A case report and literature review of the pathogenetic aspects of the combined infection of Epstein-Barr virus and oral candidiasis
Keywords:children, Epstein-Barr viral infection, candidiasis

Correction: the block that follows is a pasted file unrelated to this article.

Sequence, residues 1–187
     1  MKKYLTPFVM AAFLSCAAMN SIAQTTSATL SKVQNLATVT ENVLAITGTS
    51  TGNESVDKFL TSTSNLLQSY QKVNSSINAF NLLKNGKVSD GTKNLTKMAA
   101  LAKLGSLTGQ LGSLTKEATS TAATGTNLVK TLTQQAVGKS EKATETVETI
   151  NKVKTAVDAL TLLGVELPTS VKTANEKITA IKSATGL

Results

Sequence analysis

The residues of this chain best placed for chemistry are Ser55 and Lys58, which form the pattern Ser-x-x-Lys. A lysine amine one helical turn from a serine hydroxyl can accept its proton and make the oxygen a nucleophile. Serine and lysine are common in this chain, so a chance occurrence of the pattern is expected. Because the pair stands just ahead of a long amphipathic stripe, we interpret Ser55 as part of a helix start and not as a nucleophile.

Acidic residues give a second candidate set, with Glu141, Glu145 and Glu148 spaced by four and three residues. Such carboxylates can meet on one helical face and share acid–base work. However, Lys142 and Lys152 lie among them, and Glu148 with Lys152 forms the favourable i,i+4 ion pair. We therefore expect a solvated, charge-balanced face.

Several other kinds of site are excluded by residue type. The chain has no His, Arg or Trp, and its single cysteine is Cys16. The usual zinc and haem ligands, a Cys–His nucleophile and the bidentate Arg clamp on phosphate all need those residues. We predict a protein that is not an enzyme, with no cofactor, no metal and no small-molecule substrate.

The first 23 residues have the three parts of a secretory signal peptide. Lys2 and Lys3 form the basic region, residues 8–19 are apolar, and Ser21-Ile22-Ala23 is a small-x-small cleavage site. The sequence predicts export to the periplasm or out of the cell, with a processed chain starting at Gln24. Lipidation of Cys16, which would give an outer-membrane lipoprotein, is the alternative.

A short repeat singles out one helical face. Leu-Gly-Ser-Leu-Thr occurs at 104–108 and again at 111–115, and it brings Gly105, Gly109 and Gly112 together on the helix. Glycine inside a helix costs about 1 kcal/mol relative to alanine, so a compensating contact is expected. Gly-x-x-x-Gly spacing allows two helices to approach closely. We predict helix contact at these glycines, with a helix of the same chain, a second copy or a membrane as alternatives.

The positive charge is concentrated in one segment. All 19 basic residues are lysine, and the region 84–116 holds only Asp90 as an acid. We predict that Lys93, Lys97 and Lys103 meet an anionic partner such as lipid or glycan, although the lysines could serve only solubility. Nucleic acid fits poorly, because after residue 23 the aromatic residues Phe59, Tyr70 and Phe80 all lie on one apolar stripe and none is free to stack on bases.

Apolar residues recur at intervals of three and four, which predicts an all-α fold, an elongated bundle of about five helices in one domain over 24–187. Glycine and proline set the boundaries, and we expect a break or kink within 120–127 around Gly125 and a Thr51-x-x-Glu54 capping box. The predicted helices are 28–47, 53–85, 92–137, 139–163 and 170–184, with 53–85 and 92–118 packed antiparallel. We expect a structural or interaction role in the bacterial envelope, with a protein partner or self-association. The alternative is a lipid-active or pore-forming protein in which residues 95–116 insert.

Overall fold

AbstractBackground. Patients with a recurrent infection that is resistant to traditional therapy are a clinical challenge in pediatrics. This recurrent pathology is often hiding another disease. In addition, timely diagnosis and suggestion of etiotropic therapy are often delayed when medical ethics have been deviated, namely, when medical history collection was dubious. The objective of this article was to present the clinical peculiarities of the Epstein-Barr virus (EBV) association with oral candidiasis. Materials and methods. The authors describe the clinical case of Epstein-Barr viral infection in a 4-year-old child. The case was detected in Ternopil region. Results. The bacterial flora of the throat and mouth was inoculated, in the throat culture, Str.viridans 103 CFU/ml, S.aureus 105 CFU/ml, Candida albicans 106 CFU/ml were isolated. Enzyme-linked immunoassay showed that EBV VCA IgM antibody index was at the level of 2.63 (more than 0.8 — a positive result). Conclusions. When infectious mononucleosis is combined with oral candidiasis, the following common symptoms are observed: prolonged fever, lymphadenopathy, and exanthema syndrome. They usually occur after administration of broad-spectrum antibacterial agents. In case of disease with symptoms such as prolonged fever, lymphadenopathy, tonsillitis, and exanthema syndrome, which are common for both oral candidiasis and infectious mononucleosis, differential diagnosis is required. There is a need to examine the microbiota of the oropharynx in patients with infectious mononucleosis to detect flora, which may lead to complicated course of the disease and diagnosis. In such case, inoculation of oropharynx microbiota is essential instrument for candidiasis diagnosis.
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